Researchers from Japan's National Cancer Centre report that increased intakes of soy isoflavones may lower prostate cancer risk by up to 50 percent.
Isoflavones are natural compounds that act as phytoestrogens in the body. The major isoflavone in soy is genistein.
The study of more than 43,000 men with an average age of 57 reported their dietary intake using a food frequency questionnaire for five years.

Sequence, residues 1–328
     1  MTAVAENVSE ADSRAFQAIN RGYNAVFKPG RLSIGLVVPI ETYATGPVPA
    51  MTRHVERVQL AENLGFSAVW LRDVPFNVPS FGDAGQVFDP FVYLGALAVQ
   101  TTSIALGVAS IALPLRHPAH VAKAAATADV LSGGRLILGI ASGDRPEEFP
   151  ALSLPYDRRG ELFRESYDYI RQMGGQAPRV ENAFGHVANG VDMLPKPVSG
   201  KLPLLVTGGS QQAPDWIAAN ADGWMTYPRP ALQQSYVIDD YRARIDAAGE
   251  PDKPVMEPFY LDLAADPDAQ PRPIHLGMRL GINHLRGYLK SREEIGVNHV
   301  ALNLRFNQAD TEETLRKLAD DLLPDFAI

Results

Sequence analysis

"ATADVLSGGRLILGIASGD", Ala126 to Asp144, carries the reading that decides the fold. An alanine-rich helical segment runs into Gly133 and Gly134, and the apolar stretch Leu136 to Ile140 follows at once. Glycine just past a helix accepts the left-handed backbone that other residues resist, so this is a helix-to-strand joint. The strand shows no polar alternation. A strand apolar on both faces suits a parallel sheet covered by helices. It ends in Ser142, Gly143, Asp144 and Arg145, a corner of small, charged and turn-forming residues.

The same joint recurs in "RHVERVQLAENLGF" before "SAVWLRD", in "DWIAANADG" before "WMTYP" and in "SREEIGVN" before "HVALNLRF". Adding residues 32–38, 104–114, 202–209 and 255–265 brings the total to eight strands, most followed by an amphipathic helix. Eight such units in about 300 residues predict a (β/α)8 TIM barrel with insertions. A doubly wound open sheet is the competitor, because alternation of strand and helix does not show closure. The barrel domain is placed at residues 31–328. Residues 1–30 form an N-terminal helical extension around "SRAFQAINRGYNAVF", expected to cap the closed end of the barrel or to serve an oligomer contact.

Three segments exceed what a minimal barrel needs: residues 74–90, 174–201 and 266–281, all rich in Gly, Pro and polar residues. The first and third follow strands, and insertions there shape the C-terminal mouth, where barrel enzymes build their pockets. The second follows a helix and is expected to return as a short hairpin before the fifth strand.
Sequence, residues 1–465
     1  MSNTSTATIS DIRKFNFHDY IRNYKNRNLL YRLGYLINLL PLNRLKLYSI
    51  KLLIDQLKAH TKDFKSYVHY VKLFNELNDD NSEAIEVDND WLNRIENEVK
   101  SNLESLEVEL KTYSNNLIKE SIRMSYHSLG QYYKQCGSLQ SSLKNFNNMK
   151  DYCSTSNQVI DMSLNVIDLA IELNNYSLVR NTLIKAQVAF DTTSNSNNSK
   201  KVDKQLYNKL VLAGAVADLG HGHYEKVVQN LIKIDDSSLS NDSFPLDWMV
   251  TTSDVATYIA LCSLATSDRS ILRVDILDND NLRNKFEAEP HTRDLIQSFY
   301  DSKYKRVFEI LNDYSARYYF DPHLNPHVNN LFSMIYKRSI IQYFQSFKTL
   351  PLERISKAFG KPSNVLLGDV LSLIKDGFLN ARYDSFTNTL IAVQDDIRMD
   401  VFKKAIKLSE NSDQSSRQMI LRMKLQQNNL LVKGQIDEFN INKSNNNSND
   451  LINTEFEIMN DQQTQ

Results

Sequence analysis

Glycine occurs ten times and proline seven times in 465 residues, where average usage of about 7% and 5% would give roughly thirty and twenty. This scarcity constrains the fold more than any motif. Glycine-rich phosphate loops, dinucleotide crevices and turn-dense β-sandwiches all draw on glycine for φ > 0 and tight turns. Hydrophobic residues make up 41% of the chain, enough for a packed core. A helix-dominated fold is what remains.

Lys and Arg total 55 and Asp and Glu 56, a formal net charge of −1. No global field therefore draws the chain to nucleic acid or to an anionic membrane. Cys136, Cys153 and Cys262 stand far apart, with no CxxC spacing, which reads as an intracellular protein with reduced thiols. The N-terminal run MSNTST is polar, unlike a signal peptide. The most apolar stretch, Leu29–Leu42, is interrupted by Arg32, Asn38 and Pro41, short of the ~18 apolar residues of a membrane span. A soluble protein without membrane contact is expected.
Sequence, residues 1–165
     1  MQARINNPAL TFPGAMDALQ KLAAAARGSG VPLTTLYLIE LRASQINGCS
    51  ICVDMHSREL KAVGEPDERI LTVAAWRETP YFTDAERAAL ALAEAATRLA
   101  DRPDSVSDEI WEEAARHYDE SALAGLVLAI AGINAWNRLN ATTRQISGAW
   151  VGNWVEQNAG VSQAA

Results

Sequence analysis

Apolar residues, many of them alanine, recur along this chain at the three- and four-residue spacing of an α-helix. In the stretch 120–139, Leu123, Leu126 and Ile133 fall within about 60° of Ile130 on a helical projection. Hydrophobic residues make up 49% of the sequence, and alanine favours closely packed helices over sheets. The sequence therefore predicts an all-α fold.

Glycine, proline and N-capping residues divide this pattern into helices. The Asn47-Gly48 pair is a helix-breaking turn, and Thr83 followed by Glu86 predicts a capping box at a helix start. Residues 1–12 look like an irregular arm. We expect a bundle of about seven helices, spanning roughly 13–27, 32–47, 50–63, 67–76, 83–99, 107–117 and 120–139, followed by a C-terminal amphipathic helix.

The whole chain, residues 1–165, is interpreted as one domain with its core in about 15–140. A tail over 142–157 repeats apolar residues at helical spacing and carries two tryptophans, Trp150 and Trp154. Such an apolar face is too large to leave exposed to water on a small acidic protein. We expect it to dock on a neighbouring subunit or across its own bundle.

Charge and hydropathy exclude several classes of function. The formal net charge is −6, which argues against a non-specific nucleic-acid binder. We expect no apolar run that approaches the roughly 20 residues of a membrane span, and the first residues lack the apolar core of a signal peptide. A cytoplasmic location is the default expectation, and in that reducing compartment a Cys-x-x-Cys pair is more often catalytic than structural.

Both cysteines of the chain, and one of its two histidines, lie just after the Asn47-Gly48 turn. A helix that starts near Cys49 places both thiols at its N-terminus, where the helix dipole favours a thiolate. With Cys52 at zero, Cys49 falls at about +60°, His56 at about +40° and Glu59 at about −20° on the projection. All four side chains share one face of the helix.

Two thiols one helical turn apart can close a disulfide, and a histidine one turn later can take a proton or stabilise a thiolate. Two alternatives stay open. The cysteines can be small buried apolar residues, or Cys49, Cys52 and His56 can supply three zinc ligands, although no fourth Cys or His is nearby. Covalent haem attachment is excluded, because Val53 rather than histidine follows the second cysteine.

The highest intake of soy isoflavones (32.8 milligrams of genistein per day) was associated with a 40 percent lower risk of localized prostate cancer compared to those with the lowest intake.
In men over 60, the protective effect was even stronger - the highest intakes of soy isoflavones were associated with a 50 percent lower risk.
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